• Increase cross-group interaction and social sustainability between area residents, local organizations, stakeholder groups, and the Center City District by creating a venue for events.
  • Preserve a historic structure by repairing and adapting it for new use.
  • Provide an experience of rich, thick vegetation using native species.
  • Encourage the redevelopment of vacant land and surface parking areas, especially for housing, as part of a goal of the 2004 Chinatown Neighborhood Plan and subsequent area plans adjacent to and near the Rail Park. 
  • Create the first segment of a cross-city green route to link ten neighborhoods.
  • 0.6 acres of polluted, inaccessible land along the Reading Viaduct were transformed into a linear park. Much of the contaminated soil was kept in place and capped. In areas over the trestle, the soil had to be removed in order to repair the trestle structure, but under the rest of the park’s hardscape the soil was retained. 1,000 cu ft of manufactured soil (a mix of loamy sand and organic soil amendments) was installed in planting beds and tree pits.
  • The historic foundation and rail infrastructure was preserved and repaired including bridges, railings, and stone walls.
  • Industrial materials were used throughout the site to reference the former rail line, including a weathering steel wall, weathering steel raised beds, and chipseal walking paths that reference the rail track ballast.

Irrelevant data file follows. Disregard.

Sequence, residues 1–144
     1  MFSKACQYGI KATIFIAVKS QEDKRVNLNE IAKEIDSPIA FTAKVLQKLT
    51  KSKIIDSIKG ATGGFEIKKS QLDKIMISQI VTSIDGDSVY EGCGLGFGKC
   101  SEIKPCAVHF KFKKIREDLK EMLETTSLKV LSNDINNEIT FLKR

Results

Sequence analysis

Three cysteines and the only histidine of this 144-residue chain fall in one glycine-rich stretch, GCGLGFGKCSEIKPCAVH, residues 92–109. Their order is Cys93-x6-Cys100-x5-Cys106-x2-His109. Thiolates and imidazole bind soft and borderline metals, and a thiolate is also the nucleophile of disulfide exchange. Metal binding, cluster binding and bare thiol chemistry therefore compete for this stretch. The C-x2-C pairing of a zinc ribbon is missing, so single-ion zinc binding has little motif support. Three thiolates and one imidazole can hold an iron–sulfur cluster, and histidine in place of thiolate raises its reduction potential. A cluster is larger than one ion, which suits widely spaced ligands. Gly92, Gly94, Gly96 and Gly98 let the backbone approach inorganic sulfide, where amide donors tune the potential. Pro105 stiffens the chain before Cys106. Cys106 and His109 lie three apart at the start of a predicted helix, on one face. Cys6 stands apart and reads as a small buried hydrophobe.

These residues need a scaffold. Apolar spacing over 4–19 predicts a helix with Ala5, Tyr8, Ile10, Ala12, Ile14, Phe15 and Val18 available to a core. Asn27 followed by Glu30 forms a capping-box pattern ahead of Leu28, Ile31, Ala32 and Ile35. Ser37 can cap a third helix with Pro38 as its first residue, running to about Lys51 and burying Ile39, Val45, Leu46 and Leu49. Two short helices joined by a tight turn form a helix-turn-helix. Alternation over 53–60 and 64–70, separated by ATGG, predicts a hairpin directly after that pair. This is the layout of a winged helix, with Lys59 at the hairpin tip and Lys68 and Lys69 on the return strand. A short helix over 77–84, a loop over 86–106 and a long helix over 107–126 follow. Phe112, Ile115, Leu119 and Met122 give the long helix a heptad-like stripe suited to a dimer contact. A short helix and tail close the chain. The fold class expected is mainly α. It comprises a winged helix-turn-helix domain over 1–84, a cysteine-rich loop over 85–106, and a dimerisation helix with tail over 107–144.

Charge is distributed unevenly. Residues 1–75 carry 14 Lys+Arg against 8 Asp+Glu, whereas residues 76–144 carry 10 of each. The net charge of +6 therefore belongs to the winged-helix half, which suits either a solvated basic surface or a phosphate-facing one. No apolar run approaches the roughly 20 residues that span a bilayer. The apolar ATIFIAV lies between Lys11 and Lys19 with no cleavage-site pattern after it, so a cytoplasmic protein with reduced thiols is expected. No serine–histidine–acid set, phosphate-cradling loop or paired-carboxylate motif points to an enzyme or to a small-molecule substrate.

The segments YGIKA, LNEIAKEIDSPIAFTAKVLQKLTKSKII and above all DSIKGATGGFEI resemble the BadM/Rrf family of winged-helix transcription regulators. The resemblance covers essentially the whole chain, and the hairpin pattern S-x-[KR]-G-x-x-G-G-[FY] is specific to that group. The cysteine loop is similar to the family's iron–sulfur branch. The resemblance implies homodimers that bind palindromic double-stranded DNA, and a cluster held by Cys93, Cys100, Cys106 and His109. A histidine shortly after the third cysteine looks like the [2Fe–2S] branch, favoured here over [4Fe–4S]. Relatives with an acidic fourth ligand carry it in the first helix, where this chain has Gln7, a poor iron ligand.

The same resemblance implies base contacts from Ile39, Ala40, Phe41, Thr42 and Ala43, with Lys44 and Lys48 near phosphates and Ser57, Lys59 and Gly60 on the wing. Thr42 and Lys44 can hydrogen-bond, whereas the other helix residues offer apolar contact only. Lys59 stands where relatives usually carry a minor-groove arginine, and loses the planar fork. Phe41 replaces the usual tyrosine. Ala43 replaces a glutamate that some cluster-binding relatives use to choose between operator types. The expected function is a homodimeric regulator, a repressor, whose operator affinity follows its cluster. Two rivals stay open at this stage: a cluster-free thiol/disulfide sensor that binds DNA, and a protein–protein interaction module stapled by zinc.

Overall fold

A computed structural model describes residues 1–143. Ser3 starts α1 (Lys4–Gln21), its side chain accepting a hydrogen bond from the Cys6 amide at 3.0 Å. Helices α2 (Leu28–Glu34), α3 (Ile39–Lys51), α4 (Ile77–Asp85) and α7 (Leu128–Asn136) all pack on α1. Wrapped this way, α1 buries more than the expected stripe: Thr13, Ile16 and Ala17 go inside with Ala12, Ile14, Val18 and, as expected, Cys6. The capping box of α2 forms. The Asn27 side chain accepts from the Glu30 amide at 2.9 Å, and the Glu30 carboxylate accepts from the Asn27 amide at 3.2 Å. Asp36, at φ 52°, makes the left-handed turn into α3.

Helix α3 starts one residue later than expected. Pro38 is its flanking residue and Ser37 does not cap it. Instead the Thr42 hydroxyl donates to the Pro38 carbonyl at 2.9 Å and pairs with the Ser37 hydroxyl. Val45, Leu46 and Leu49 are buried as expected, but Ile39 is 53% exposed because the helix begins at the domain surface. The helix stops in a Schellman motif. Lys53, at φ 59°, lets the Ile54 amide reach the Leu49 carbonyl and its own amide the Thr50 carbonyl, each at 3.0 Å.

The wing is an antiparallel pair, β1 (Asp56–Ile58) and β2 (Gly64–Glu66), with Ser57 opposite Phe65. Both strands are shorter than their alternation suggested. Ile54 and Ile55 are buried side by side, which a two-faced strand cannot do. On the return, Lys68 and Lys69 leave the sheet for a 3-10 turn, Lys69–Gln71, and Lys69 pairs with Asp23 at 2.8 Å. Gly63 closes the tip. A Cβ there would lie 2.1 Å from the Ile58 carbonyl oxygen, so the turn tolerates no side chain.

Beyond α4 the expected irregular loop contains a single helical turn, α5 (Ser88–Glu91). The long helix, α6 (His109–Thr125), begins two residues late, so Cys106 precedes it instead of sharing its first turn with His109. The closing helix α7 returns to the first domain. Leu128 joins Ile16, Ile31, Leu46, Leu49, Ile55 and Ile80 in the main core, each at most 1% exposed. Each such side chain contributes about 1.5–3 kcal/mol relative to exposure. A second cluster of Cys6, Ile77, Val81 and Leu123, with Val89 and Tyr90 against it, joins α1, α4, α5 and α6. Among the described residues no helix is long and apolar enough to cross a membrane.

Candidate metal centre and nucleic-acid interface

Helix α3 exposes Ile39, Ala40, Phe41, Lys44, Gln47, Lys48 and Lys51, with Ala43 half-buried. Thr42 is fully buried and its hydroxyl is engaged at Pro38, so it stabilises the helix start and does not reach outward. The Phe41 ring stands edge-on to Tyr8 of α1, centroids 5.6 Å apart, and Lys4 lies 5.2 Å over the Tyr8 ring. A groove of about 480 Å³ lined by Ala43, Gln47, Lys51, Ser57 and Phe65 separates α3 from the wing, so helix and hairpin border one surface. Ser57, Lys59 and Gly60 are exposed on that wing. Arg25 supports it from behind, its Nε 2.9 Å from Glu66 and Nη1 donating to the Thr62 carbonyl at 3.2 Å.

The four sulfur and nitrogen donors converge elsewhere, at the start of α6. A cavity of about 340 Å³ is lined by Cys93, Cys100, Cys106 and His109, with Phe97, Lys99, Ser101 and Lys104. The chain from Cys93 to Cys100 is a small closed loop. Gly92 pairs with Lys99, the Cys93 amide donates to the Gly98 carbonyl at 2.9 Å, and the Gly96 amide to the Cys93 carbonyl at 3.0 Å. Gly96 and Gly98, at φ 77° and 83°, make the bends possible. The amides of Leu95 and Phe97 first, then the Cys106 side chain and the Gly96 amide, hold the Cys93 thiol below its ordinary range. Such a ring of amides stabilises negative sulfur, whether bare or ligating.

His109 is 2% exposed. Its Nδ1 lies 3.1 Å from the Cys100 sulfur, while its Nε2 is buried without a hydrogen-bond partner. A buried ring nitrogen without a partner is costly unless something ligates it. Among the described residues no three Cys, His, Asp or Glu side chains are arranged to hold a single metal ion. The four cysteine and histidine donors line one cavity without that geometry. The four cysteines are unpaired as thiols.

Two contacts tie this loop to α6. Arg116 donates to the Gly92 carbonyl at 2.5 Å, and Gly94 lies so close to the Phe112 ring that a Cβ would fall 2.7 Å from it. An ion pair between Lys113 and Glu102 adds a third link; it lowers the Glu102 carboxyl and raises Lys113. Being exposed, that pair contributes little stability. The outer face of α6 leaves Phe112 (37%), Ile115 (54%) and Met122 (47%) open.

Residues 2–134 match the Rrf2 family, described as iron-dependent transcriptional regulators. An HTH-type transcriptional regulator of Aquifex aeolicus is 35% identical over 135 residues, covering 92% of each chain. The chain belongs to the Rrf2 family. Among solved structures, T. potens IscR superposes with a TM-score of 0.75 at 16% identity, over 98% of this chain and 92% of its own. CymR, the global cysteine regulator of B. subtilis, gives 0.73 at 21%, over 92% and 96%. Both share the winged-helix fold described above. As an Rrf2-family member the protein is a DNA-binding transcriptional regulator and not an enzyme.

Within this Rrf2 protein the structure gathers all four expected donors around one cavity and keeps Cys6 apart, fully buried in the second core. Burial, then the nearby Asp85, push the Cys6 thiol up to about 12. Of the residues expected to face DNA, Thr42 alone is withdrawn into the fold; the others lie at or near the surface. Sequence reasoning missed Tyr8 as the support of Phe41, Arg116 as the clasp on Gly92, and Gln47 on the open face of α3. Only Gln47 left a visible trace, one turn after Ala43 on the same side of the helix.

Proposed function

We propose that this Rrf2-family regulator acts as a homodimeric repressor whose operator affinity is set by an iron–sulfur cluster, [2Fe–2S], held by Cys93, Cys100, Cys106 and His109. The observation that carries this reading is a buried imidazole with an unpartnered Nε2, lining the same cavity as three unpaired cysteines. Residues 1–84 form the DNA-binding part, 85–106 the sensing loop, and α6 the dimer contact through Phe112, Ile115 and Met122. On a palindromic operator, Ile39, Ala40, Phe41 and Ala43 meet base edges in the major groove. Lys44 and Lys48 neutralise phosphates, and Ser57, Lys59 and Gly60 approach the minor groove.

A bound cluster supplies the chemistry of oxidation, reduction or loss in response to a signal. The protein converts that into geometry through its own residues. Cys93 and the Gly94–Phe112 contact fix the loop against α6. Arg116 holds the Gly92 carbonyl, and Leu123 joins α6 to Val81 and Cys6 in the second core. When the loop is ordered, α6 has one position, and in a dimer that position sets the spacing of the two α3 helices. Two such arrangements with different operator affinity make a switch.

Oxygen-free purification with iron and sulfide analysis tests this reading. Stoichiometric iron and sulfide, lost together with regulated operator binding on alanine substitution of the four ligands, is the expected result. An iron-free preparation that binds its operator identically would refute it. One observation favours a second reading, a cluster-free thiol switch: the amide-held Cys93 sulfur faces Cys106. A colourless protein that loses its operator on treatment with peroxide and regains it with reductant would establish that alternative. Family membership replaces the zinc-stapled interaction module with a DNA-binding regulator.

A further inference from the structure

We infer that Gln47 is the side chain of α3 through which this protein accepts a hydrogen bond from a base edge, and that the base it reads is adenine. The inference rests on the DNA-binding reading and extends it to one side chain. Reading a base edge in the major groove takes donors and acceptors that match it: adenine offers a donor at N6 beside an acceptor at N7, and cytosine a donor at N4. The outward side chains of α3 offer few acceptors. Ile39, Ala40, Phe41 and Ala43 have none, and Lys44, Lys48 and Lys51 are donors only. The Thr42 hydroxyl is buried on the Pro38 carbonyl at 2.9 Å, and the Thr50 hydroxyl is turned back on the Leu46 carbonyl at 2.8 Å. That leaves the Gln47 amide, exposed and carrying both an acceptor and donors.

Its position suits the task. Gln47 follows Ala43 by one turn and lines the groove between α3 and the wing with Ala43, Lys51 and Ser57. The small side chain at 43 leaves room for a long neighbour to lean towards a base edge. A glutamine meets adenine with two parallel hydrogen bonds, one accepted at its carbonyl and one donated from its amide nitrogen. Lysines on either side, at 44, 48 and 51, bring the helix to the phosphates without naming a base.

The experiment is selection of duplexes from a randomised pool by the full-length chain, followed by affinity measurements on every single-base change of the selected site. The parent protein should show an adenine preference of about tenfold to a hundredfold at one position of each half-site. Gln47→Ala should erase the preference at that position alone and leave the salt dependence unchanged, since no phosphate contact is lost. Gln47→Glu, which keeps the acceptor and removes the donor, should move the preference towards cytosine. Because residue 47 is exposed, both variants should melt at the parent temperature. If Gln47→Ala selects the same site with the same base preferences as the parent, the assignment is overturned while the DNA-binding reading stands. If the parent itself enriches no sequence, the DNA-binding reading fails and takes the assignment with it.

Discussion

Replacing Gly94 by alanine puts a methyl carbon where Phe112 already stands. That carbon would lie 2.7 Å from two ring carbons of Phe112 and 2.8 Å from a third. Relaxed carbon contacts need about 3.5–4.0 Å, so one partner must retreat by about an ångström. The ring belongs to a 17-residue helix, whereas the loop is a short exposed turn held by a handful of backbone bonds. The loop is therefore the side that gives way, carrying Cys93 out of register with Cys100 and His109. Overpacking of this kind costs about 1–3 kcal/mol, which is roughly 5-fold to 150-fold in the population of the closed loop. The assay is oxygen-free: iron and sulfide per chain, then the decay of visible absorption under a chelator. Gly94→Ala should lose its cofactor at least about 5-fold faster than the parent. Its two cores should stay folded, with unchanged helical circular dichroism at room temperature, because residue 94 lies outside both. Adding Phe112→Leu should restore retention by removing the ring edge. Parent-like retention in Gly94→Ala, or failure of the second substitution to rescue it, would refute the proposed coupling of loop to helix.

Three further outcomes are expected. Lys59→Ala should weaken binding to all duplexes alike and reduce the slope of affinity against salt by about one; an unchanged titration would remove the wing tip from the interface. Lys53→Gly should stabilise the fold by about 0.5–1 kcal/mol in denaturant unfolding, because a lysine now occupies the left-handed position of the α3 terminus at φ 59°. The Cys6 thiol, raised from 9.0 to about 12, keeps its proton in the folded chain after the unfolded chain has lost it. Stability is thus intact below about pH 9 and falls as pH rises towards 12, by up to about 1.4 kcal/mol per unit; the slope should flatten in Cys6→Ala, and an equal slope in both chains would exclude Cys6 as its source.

• The weathering steel wall known as “The Story Wall” describes and illustrates the industrial history of the surrounding Callowhill neighborhood.
  • High albedo materials such as chip-seal paving and reflective pavers lower air temperatures in the park.
  • 0.31 acres of rain garden trenches serve as stormwater infrastructure, providing a storage volume of 1,106 cf and managing runoff from 6,200 sf of the at-grade entrance street.
  • Native plants reference a meadow and woodland edge plant community, including varieties of red oak (shingle oak, Quercus imbricaria) and sassafras (Sassafras albidum), shrubs such as staghorn sumac (Rhus typhina), and herbaceous plants including little bluestem (Schizachyrium scoparium), New England aster (Symphyotrochum novae-anglaciae), and goldenrod (Solidago sp.).
  • 1,100 individual native plants were planted by volunteers during an early stewardship event in May 2018. Friends of the Rail Park hosts clean-ups multiple times per year, giving area residents and visitors opportunities to serve as park stewards.  
  • A quarter-inch vine screen cable system marks the Broad Street entrance and reduces sound from an adjacent building’s HVAC systems. A second cable system was installed to screen a surface parking lot, but it was later removed due to a new housing development.
  • 5 large, porch-style swinging benches are constructed of wood and steel, and 11 additional wooden benches are located throughout the park. 3 benches are nestled within planting beds and 4 sit near the park’s railings for a view of the neighborhood and the Philadelphia skyline.
  • 4 tiered wooden platforms provide flexible space for various activities, such as kids’ parkour and yoga in the park.
  • Multiple murals within the park can be seen from outside the park, including murals by Obey and Dora Cuenca. A public art installation by Brent Wahl and Laynie Browne is entitled “Dawn Chorus.” Poetry plaques set within the paving stones display lines of poetry written in 13 languages, representing the abundance of literary arts in the community. Temporary public art also adorns the park, with a current exhibition featuring vinyl prints by The People’s Paper Co-op.
  • There is an ADA-accessible entryway along Noble Street and a second access point via stairs on Callowhill Street. The uppermost platform has an accessible ramp with a 5% slope. The 840-ft-long trail is ADA accessible. The trail has a typical 2.0% running slope and a 2.8% maximum running slope. The trail requires a return trip (840 ft) for park users unable to use the stairs on Callowhill Street.

The Reading Viaduct: 1850s to 1990s